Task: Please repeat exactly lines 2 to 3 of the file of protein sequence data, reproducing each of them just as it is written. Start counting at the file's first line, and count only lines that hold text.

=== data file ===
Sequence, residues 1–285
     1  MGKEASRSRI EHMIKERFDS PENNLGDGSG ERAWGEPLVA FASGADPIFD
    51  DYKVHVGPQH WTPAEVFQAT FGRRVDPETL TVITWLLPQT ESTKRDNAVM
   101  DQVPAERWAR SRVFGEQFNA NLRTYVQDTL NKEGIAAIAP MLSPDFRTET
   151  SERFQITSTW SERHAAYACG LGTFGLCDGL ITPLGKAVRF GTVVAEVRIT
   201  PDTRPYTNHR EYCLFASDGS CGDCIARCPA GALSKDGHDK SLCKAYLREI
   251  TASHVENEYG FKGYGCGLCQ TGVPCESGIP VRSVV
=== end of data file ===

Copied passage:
     1  MGKEASRSRI EHMIKERFDS PENNLGDGSG ERAWGEPLVA FASGADPIFD
    51  DYKVHVGPQH WTPAEVFQAT FGRRVDPETL TVITWLLPQT ESTKRDNAVM